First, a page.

23. 23.

      et al. Barriers to globally invasive species are weakening across the Antarctic. Divers. Distributions 23, 982–996 (2017).

    24. 24.

      et al. Conservation management at Southern Ocean Islands: towards the development of best-practice guidelines. Polarforschung 75, 113–131 (2006).

    25. 25.

      & WorldClim 2: new 1-km spatial resolution climate surfaces for global land areas. Int. J. Climatol. 37, 4302–4315 (2017).

    26. 26.

      , , , & Very high resolution interpolated climate surfaces for global land areas. Int. J. Climatol. 25, 1965–1978 (2005).

    27. 27.

      , & Dangers of using global bioclimatic datasets for ecological niche modeling. Limitations for future climate projections. Glob. Planet. Change 107, 1–12 (2013).

    28. 28.

      et al. Remotely sensed temperature and precipitation data improve species distribution modelling in the tropics. Glob. Ecol. Biogeogr 25, 443–454 (2016).

    29. 29.

      et al. Neglected issues in using weather and climate information in ecology and biogeography. Divers. Distributions 23, 329–340 (2017).

    30. 30.

      & Temperature variation across Marion Island associated with a keystone plant species (Azorella selago Hook. (Apiaceae). Polar Biol. 31, 139–151 (2008).

    31. 31.

      et al. Terrestrial and submarine evidence for the extent and timing of the Last Glacial Maximum and the onset of deglaciation on the maritime-Antarctic and sub-Antarctic islands. Quat. Sci. Rev. 100, 137–158 (2014).

    32. 32.

      & Life at the front: history, ecology and change on Southern Ocean Islands. Trends Ecol. Evol. 14, 472–477 (1999).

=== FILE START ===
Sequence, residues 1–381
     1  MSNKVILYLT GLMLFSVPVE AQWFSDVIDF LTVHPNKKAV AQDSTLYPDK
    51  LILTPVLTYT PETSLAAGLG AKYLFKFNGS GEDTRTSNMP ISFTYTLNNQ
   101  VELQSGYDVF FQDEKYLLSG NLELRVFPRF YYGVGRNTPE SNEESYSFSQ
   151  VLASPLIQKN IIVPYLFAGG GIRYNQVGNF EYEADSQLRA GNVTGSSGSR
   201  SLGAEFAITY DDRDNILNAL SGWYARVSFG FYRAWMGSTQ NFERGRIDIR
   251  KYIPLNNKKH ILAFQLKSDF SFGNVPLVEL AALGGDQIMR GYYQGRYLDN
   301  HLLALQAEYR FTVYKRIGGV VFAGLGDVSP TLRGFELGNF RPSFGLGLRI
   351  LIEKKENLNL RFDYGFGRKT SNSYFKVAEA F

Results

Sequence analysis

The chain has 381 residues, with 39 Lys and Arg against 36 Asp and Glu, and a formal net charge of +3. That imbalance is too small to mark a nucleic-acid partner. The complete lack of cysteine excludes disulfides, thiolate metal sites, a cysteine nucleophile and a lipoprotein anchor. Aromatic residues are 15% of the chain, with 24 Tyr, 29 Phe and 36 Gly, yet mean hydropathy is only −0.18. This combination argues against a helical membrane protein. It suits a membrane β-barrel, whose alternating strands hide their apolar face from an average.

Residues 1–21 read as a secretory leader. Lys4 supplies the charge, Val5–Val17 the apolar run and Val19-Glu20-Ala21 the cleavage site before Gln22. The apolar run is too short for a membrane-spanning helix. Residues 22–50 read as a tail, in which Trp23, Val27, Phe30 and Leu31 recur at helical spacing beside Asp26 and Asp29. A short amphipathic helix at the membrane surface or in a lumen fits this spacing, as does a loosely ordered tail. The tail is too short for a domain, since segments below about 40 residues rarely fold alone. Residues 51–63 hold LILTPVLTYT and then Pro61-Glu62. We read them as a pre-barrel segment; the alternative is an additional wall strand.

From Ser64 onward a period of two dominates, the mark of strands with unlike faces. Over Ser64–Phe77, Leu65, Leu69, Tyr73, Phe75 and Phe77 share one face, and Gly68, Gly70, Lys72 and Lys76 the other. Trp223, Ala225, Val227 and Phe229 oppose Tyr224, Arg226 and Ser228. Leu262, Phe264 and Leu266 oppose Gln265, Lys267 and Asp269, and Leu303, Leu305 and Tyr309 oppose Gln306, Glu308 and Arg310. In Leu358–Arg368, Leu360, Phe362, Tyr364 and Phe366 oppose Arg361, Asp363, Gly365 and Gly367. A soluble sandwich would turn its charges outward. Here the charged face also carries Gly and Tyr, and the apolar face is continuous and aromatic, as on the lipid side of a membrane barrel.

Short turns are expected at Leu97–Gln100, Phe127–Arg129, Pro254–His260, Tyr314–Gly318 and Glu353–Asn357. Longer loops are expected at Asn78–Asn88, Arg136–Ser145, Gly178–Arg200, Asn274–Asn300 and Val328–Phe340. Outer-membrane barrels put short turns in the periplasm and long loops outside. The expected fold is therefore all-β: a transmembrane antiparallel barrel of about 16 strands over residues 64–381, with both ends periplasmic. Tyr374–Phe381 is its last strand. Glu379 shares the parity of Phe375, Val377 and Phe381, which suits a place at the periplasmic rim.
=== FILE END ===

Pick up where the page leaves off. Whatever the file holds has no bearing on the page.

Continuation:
33. 33.

      , & Ecological biogeography of Southern Ocean Islands: species-area relationships, human impacts, and conservation. Am. Nat. 152, 562–575 (1998).

    34. 34.

      , & Human impacts, energy availability and invasion across Southern Ocean Islands. Glob. Ecol. Biogeogr 14, 521–528 (2005).

    35. 35.

      & Climate, energy and diversity. Proc. Royal Soc. B 273, 2257–2266 (2006).

    36. 36.

      , & Conservation of Southern Ocean Islands: invertebrates as exemplars. J. Insect Conserv. 12, 277–291 (2008).

    37. 37.

      MOD11A2 MODIS/Terra Land Surface Temperature/Emissivity 8-Day L3 Global 1km SIN Grid V006. NASA EOSDIS Land Processes DAAC. (2015).

    38. 38.

      , , , & Predicting missing values in spatio-temporal remote-sensing data. IEEE Transactions on Geoscience and Remote Sensing 56, 2841–2853 (2018).

    39. 39.

      Sorted circles in the maritime Subantarctic, Marion Island. Earth Surf. Process. Landf. 28, 337–347 (2003).

    40. 40.

      A preliminary synoptic assessment of soil frost on Marion Island and the possible consequences of climate change in a maritime sub-Antarctic environment. Polar Res. 31, 17626 (2012).

    41. 41.

      , & The maritime subantarctic: a distinct periglacial environment. Geomorphology 52, 39–55 (2003).

    42. 42.

      et al. Wing morphology of the active flyer Calliphora vicina (Diptera: Calliphoridae) during its invasion of a sub-Antarctic archipelago where insect flightlessness is the rule. Biol. J. Linn. Soc. 119, 179–193 (2016).

    43. 43.

      , , & Phylogeography of a mite, Halozetes fulvus, reflects the landscape history of a young volcanic island in the sub-Antarctic. Biol. J. Linn. Soc. 105, 131–145 (2012).

    44. 44.

      , , , & Endemic species have highly integrated phenotypes, environmental distributions and phenotype-environment relationships. J. Biogeogr. 40, 1583–1594 (2013).

    45. 45.

      et al. A global spatially explicit database of changes in island palaeo­area and archipelago configuration during the late Quaternary. Glob. Ecol. Biogeogr 27, 500–505 (2018).

    46. 46.

      & Radiance-based validation of the V5 MODIS land-surface temperature product. Int. J. Remote Sens. 29, 5373–5395 (2008).

    47. 47.